If Your Head is in the Cloud Don’t Get Hacked
Al Gore didn’t invent the internet, but he did create Google’s secret Al-Gore-Rhythm. All jokes aside, ever since Al Gore didn’t invent the internet, network technology accelerated at light speed. We went from 56k dial-up to fiber quicker than the industrial revolution invented cars. This also means that network security needed to evolve just as fast. At times, it didn’t stay in step with the revolution. The cost of cybercrime rose and everyone freaked out. This is not an overstatement. Cybercrime cost businesses in the United States over $17 million in the fiscal year 2017.
If you’re jumping onto the cloud bandwagon late (better late than never!), it’s time to make a budget for security and keep your data safe. Here are a few tips.
1. Is [Your Password] Secret? Is it Safe?
Roaming half-hobbits might not be around to steal your passwords (or your rings of power), but cybercriminals might be. The first step in keeping any network secure is creating a strong password.
It’s the end of the second decade of the 21st century and people still use passwords like “123456” or even *gasp* “password.” Don’t be a 21st-century idiot. Create a strong password and be sure anyone with access to your cloud server does the same.
Use an encryption key and make your passwords extremely strong. If you need to remember your password, encrypt something you can remember well. Yes, it takes an extra minute to encrypt the password, but your cloud data will be more secure this way.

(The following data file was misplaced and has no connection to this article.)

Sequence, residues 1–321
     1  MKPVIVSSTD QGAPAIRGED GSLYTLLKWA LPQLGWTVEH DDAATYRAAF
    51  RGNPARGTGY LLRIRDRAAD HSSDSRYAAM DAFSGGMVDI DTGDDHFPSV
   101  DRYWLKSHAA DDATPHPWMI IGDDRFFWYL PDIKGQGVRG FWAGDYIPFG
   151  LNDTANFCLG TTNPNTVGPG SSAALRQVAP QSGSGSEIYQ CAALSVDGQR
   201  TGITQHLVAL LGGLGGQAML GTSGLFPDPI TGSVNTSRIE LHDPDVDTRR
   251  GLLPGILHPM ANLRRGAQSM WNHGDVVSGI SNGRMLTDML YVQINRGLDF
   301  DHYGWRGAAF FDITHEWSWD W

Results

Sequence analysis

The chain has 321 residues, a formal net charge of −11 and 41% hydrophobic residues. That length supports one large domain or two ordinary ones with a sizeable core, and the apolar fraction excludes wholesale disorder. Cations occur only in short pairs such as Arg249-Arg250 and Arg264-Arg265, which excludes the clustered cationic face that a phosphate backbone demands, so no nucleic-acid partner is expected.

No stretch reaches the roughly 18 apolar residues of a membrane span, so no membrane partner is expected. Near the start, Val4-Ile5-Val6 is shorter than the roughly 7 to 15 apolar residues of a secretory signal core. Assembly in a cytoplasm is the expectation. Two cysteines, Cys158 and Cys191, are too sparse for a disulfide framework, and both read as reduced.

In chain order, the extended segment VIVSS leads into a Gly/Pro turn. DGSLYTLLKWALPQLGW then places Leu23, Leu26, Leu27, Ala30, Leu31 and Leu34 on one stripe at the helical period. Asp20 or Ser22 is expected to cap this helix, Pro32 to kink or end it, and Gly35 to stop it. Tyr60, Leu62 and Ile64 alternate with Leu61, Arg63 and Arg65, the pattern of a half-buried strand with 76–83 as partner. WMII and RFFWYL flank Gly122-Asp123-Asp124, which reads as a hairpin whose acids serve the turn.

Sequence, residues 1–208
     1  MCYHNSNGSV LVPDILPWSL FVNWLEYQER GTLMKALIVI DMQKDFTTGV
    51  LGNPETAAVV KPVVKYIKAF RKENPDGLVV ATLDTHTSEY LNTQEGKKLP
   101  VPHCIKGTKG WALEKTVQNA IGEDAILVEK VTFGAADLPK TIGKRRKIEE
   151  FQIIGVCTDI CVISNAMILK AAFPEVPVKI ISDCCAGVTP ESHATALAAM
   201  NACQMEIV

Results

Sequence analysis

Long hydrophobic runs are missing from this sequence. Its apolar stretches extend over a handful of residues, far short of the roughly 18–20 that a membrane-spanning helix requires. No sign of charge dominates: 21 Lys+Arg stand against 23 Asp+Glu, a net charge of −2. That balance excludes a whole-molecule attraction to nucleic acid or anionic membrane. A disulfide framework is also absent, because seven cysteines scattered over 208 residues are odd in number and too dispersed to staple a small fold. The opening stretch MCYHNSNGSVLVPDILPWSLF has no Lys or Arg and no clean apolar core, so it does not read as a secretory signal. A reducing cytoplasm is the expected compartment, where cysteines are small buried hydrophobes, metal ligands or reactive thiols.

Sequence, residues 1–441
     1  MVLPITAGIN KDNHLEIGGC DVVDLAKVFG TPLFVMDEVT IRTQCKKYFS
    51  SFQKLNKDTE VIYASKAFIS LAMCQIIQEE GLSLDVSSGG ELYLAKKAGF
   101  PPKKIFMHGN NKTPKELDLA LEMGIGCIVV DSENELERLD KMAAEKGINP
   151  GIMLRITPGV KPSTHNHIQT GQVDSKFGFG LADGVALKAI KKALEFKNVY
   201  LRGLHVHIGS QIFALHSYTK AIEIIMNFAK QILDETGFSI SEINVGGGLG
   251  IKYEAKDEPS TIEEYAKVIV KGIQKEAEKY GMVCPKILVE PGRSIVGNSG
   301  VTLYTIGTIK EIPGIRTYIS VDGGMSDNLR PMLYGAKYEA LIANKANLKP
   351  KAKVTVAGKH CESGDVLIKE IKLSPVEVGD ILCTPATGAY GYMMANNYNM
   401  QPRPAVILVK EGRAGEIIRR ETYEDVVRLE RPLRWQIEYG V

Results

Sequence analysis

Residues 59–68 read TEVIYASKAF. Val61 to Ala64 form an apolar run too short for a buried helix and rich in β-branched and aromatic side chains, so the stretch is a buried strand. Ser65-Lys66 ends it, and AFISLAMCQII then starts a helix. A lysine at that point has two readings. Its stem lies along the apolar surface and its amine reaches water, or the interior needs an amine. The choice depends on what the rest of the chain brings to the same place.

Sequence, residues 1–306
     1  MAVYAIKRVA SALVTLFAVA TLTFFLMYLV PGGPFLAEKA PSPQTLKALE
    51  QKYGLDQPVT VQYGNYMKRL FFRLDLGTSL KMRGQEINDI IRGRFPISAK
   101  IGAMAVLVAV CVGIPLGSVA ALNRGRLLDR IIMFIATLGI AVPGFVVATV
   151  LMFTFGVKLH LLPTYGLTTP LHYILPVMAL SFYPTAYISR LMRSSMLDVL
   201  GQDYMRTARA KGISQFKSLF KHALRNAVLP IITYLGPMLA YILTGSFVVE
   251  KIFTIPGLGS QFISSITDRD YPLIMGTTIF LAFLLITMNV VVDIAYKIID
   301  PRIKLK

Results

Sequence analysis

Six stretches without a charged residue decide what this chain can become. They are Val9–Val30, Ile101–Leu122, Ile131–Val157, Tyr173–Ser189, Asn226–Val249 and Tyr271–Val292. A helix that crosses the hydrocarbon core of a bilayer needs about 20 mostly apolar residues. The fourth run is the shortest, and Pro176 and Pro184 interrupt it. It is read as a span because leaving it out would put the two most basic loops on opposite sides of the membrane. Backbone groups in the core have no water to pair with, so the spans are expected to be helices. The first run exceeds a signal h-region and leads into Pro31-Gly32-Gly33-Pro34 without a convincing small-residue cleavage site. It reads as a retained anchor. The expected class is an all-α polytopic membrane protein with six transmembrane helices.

Multi-factor Authentication for Added Security
The second bastion of cybersecurity is multi-factor authentication. How does the network know you are you? By something you know and something, you would have on your person and sometimes something that’s a part of your person.
Companies like PayPal and Google and most online banking systems use multi-factor authentication. It’s becoming the bread and butter of cybersecurity.
Your password is the thing you know that you should not have on your person. Your phone is the thing on your person. And your fingerprint is the thing that’s a part of your person.
The most secure cybersecurity would involve all three. But to save time, companies like PayPal have gone to full biometrics thanks to advances in mobile versions of this technology. And be assured, no one is coming for your fingertips. They would need a living finger to unlock your PayPal account.
If your cloud service doesn’t use biometrics, that’s ok. Like most bank accounts, if your service does have two-factor authentication, you will give them your phone number. They will text you a code and you will enter the code to access the cloud.
Often, this happens randomly. Sometimes you will use a password, other times you will use the text system.
2. Backup! We Need Backup!
As my computer engineer friends tell me, there is no way to completely secure your data from catastrophe. Choosing the cloud over physical hard drives won’t save your data in the case of an asteroid strike or a massive solar flare from the sun. But you can at least backup your cloud data and keep it accessible in case of a network blackout or a smaller disaster.
Backup your cloud data on several physical drives and keep in them in several secure locations. This will ensure that most of the time you’ll have access to your data as long as the world doesn’t end or the entire technological human infrastructure doesn’t collapse.
As you adopt cloud technology, stay wise. Do your research and keep abreast of cybersecurity trends.